Additionally, the following members are members of the Steering Group:

Member Representative Duties

Each member assigns a representative from their agency to serve on the Steering Committee. DHHS maintains a list of members and representatives. The representatives:

  • Attend Steering Group meetings;
  • Serve on workgroups as requested;
  • Prepare for participation in discussion and decision-making by consulting the member and reviewing meeting materials;
  • Act as the liaison between the Steering Group and the member;
  • Inform the member about Steering Group activities and actions;
  • Ensure the member takes appropriate steps to further progress on the Olmstead Plan goals, outcomes, data collection, and action steps/strategies; and
  • Perform such duties as required to fulfill the obligations of the Steering Group.​

Nebraska Olmstead Workgroups

DHHS has workgroups to look at:

  • Community Supports, 
  • Housing, Education, 
  • Employment, 
  • Data, and 
  • Transportation. 

Workgroups include people with disabilities who can share lived experience in these areas. To join a workgroup, email the Olmstead mailbox: DHHS.NEOlmstead@nebraska.gov.

Nebraska Olmstead Advisory Committee 

Upcoming Meetings

Meetings of the Olmstead Advisory Committee are subject to the Open​ Meetings Act.

The next Olmstead Advisory Committee meeting is on Tuesday, July 30, 2024 at the Assistive Technology Partnership offices, 500 S 84th St. Lincoln, NE 68510​, from 9:00 am to 1:00 pm, Central Time. This meeting is in-person with a virtual attendance option, noted below, for those unable to attend in person. Any voting member who joins a meeting virtually, unless requesting to do so as an ADA accommodation, will not be able to vote on any matters offered during the meeting. Members attending virtually will be considered public members. The Advisory Committee needs 11 people to meet quorum.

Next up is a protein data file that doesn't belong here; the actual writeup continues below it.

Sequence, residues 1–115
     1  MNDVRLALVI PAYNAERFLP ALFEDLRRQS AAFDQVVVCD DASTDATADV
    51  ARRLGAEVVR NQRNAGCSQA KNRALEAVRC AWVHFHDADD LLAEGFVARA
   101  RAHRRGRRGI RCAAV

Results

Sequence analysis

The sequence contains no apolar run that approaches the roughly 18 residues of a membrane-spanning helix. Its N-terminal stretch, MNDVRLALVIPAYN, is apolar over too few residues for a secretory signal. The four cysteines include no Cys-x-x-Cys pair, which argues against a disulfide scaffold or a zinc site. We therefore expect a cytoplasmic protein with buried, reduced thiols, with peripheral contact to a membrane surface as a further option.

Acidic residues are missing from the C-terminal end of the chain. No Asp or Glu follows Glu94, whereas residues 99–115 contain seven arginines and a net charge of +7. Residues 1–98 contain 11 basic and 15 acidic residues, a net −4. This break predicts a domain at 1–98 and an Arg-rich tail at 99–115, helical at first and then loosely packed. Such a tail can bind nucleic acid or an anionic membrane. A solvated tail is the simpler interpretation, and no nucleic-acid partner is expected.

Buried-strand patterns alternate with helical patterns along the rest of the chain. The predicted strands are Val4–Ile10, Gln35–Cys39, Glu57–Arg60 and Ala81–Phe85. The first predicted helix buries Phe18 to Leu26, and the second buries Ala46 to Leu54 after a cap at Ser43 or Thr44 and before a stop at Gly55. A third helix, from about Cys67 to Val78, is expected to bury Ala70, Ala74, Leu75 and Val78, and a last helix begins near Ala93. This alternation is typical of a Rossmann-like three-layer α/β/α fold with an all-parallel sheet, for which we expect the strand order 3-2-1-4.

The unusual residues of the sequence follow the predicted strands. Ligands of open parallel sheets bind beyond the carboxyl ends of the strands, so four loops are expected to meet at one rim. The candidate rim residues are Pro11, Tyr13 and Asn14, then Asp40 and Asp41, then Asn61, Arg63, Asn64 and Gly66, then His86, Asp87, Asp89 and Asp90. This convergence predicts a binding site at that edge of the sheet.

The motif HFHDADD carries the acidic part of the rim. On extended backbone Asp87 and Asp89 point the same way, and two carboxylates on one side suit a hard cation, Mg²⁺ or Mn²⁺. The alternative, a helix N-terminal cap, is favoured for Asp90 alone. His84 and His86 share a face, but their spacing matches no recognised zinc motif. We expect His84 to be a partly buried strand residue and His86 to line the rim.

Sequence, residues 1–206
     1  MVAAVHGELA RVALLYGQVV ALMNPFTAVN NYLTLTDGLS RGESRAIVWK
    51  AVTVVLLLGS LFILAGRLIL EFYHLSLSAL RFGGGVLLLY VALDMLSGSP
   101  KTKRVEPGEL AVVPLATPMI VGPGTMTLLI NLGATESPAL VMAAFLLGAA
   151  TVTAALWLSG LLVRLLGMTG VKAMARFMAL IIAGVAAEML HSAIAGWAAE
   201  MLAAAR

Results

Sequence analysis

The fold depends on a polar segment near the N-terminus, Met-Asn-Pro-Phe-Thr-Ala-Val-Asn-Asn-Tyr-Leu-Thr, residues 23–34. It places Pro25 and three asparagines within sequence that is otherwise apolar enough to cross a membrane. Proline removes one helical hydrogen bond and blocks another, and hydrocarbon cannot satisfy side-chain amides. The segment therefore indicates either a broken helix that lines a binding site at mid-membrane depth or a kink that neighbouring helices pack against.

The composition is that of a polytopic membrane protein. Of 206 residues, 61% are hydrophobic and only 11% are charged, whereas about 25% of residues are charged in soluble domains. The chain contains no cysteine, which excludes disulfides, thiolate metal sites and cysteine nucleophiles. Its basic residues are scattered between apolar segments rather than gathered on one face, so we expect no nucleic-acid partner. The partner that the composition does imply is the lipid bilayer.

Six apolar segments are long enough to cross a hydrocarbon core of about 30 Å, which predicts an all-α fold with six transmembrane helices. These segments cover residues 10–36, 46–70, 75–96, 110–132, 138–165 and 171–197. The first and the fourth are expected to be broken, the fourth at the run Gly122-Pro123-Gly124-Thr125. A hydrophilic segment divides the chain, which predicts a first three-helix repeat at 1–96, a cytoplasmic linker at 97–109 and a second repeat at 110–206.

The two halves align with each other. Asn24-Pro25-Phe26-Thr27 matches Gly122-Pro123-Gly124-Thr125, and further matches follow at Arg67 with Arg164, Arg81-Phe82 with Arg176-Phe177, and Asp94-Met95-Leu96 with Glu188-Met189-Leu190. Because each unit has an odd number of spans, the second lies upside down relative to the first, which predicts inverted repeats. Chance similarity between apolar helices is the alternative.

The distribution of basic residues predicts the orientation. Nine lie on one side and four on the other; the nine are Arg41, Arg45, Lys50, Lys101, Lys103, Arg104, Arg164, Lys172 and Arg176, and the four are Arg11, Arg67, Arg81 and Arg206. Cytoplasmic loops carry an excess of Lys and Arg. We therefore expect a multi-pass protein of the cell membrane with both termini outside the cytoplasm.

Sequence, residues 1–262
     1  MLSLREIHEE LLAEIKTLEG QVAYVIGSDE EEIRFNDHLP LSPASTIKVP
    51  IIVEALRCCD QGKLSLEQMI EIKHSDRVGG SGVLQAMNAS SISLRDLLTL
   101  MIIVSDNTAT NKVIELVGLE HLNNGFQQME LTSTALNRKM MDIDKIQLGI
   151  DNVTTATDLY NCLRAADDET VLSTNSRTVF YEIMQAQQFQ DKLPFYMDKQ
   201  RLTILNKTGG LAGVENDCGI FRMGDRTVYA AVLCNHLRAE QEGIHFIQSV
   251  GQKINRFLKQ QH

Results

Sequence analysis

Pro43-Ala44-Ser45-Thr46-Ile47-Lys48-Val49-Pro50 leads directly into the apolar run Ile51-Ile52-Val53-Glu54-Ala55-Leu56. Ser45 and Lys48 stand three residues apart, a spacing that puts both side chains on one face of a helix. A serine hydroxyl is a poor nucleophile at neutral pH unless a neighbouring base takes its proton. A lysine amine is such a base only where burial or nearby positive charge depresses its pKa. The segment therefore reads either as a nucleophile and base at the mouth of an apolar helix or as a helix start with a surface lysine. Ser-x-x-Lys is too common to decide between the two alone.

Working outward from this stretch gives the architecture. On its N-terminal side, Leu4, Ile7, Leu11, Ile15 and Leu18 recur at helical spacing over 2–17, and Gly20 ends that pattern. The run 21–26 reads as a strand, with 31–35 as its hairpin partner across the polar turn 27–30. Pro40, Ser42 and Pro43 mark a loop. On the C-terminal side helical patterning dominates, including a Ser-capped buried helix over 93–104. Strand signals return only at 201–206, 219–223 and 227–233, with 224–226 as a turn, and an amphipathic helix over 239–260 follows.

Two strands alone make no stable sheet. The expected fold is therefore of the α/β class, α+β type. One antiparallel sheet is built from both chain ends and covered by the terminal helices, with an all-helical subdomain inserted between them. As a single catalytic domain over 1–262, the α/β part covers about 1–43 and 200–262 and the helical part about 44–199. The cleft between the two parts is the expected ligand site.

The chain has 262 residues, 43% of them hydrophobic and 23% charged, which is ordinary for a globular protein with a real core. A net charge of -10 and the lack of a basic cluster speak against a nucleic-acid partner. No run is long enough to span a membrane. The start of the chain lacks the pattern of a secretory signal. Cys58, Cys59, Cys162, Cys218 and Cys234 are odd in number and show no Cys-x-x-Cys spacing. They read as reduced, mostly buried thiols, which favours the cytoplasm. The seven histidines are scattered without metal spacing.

Join Zoom Meeting

Member List

The membership of the Olmstead Advisory Committee is outline in Neb. Rev. Stat. § 81-6,122 requiring broad representation including individuals with disabilities, organizations, and advocates.

​​​​Name, Representing

  • Trish Bergman, Eastern Nebraska Office on Aging, Area Agency on Aging
  • Stacy Bliss, Ph.D, Mental Health Practitioner
  • Kim Davis, Nebraska Commission for the Deaf and Hard of Hearing
  • Dianne DeLair, Disability Rights Nebraska, Protection and Advocacy System for Nebraska
  • Don Dew, Nebraska Statewide Independent Living Council
  • Lindy Foley, Division of Rehabilitation Services in the State Department of Education
  • Timothy Heller, State Advisory Committee on Mental Health Services
  • Kathy Hoell, Self-Advocate, expert in programs serving persons with disabilities
  • Patti Jurjevich, Region Six Behavioral Healthcare, Behavioral Health Regions
  • Kristen Larson, Nebraska Council on Developmental Disabilities
  • Edison McDonald, The Arc of Nebraska, organization that advocates for Persons with Developmental Disabilities
  • Tobias Orr, Assistive Technology Partnership
  • Kasey Parker, Mental Health Association, advocate for persons with Mental Illness
  • Kierstin Reed, Leading Age Nebraska, expert in programs serving persons with disabilities
  • Lorie Regier, Advisory Committee on Developmental Disabilities
  • Peggy Reisher, Brain Injury Alliance, advocate for persons with Brain Injuries
  • Carlos Servan, Nebraska Commission for the Blind and Visually Impaired
  • Mark Smith, Munroe-Meyer Institute, expert in programs serving persons with disabilities
  • Susan Tatum, Lincoln Housing Authority, Housing Authority in a City of the Primary or Metropolitan Class
  • Joni Thomas, Self-Advocate, expert in programs serving persons with disabilities
  • Joe Valenti, Advocate, expert in programs serving persons with disabilities 

​Member list updated April 2024

Advisory Committee Documents

Minutes are posted after committee approval.